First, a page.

January 17, 2018
Call for entries - NZ Esri Young Scholar Award
29 November 2017
Duane Eagle steps into Leadership Role
The Board of Eagle Technology wishes to advise the resignation of Mark Allan, CEO, effective today. The Board acknowledges the considerable contribution Mark has given to Eagle Technology through the past eight months as Eagle has effected change and growth as a full-service Geospatial, Communications and Managed Services provider.
“Mark has been instrumental in identifying key markets and managing internal processes to meet demand as our business continues to grow. He leaves Eagle to pursue personal and other business interests,” says Duane Eagle, Executive Director, Eagle Technology.
The Board wishes to announce that Duane Eagle will assume Mark’s responsibilities, stepping into the leadership role for the family owned business that was established by his late father Trevor Eagle and his mother, Corallie Eagle, forty-eight years ago.
Duane Eagle has worked in the business for twenty-seven years, initially in Sales, as Business Development Manager and in his current role for the past five years.
Mapping tool to help wilding conifer control
NZ Esri Young Scholar
The Esri Young Scholar Award is about recognising the very best GIS students around the globe. Every year, Esri's global partners nominate 25 university students for excellence in relation to a GIS project. These projects include comprehensive research papers, software development, impactful maps, and apps that promote education, conservation, disaster response, and urban planning.
NZ Esri Young Scholar Award 2017 – Winner
Eagle Technology is pleased to announce Leigh McKenzie of the University of Otago as the Winner of the NZ Esri Young Scholar Award 2017.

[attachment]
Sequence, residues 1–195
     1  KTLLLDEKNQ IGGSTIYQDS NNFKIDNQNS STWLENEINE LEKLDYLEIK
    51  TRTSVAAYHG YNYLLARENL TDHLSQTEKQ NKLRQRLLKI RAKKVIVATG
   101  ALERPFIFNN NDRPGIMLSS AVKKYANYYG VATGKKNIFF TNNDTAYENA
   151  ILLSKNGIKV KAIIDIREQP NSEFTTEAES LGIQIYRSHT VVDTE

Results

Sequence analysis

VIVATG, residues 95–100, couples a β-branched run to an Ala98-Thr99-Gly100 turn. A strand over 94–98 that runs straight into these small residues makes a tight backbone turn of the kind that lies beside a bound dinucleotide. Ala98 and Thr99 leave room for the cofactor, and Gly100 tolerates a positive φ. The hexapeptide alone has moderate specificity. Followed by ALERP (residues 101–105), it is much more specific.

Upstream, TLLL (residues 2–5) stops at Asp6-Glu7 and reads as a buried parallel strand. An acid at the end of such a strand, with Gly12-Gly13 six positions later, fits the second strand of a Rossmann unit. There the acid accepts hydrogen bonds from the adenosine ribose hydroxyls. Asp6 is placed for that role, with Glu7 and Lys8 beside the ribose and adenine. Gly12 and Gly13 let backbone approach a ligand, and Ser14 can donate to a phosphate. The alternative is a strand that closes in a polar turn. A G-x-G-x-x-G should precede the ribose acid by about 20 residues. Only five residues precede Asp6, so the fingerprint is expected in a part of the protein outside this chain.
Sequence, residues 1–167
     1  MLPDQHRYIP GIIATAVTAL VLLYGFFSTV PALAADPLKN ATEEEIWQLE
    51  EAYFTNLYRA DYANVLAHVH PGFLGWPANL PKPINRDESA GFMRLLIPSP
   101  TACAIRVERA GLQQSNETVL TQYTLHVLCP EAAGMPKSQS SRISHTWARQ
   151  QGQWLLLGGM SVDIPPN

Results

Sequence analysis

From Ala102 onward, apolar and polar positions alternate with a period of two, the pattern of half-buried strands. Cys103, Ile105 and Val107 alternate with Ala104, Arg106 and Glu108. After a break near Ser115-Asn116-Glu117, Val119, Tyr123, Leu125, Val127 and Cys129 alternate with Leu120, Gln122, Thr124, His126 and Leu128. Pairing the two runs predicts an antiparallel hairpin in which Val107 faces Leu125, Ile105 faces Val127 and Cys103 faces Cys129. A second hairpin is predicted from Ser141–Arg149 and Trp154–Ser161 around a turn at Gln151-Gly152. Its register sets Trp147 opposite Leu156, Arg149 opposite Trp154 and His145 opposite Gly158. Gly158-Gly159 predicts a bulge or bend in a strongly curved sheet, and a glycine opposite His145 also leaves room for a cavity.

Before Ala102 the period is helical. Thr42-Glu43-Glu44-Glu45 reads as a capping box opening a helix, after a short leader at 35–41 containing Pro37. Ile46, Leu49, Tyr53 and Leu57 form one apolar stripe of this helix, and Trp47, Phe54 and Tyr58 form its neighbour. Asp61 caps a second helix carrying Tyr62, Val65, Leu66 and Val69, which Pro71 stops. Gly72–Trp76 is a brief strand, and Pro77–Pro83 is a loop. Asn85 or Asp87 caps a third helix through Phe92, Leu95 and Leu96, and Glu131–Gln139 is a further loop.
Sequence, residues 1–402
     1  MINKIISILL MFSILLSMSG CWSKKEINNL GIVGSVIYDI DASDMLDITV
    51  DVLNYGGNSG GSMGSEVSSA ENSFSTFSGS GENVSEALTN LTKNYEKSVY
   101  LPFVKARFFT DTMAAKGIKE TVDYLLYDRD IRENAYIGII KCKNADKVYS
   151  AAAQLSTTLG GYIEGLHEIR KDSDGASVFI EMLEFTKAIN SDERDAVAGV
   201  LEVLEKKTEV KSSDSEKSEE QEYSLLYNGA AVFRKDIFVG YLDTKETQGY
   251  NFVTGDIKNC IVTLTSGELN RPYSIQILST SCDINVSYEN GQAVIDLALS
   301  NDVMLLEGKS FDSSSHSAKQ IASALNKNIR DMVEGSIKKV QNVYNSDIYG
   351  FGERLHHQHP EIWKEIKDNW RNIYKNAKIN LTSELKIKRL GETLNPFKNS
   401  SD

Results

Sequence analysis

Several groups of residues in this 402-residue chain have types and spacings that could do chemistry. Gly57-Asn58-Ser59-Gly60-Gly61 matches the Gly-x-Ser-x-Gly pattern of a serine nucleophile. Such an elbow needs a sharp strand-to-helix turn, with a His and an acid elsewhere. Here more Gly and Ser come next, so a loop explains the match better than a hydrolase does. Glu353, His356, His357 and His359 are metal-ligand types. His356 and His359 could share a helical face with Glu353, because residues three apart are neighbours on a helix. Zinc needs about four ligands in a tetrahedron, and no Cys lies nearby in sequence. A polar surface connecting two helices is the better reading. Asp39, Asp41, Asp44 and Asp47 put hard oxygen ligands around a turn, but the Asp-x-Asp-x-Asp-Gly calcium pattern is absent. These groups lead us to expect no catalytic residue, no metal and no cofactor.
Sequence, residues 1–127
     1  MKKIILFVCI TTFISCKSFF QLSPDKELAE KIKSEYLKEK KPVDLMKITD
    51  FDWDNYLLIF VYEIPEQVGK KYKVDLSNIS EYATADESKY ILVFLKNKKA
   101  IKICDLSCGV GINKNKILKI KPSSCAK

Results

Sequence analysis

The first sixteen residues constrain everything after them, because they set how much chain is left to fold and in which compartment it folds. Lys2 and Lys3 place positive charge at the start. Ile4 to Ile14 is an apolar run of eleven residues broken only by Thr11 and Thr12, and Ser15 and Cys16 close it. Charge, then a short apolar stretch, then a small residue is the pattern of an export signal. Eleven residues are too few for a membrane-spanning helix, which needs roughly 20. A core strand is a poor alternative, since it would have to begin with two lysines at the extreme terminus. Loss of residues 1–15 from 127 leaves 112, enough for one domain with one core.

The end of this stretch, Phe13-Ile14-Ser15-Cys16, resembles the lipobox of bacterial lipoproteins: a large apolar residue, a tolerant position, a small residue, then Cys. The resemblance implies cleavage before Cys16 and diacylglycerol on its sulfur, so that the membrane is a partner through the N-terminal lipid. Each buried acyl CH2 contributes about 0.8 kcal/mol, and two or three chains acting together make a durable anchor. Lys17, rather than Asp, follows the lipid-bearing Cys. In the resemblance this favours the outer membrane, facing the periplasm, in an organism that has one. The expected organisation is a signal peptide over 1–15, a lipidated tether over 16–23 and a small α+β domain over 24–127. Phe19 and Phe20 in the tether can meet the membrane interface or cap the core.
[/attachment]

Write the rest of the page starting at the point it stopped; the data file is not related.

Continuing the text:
To recognise this achievement, Leigh will be attending the Esri Education Conference and Esri User Conference in San Diego in July 2017.
Leigh’s project entitled Using a Geodatabase to Assess Vulnerability to Sea Level Rise in Greater South Dunedin focused on a subject that potentially has serious repercussions for many low lying areas of New Zealand. ArcGIS was utilised in her project to provide further understanding about what could go on in South Dunedin as sea levels rise.
For more details on Leigh’s project view her poster at:
The entries this year were really exceptional and Eagle Technology commends the following outstanding projects for the NZ Esri Young Scholar Award 2017.
- Euan Forsyth for his Walking to scale: Utilising ArcGIS to implement a residential scale walkability index in Auckland project and
- Stephen Ford for his Lightning Strike Prediction – Protecting Critical Assets project.
Over the last 4 years, Eagle Technology has worked with Land Information New Zealand (LINZ) and other NZ Government agencies to take New Zealand’s most current publicly-owned aerial imagery, covering over 95 percent of the country, and make this available as an open, freely available high performance Imagery Basemap. Last month this Basemap was updated with the latest imagery data captured by NZ Transport Agency (NZTA) and numerous Local and Regional Government agencies and was also enhanced to support more detailed, higher resolution views. This Basemap complements the other Eagle basemaps created from publicly-owned vector data – the NZ Topographic, NZ Community, NZ Dark Grey and NZ Light Grey basemaps. These basemaps are extremely popular, receiving millions of views each year, and now will have even more uses having also been updated with the latest data including roads, parcels and addresses.
Details of the imagery updates can be seen in this interactive Storymap.
Below are the current updates with more due over the next 6 months. In areas where this imagery supports higher resolutions the Basemap has been cached down to the 1:564 and 1:282 scale levels (*) allowing users to zoom in to street-level detail.
Northland 0.1m Urban Aerial Photos (2014-15) *
Auckland 0.075 Urban 2015 *
Waikato District 0.1m Urban_2014 *
Hamilton 0.1m Urban_2015 *
Hawkes Bay 0.3m Rural Aerial Photos (2014-15)
Wairoa 0.1m Urban Aerial Photos (2014-15) *
Hastings 0.1m urban aerial photos (2014-15) *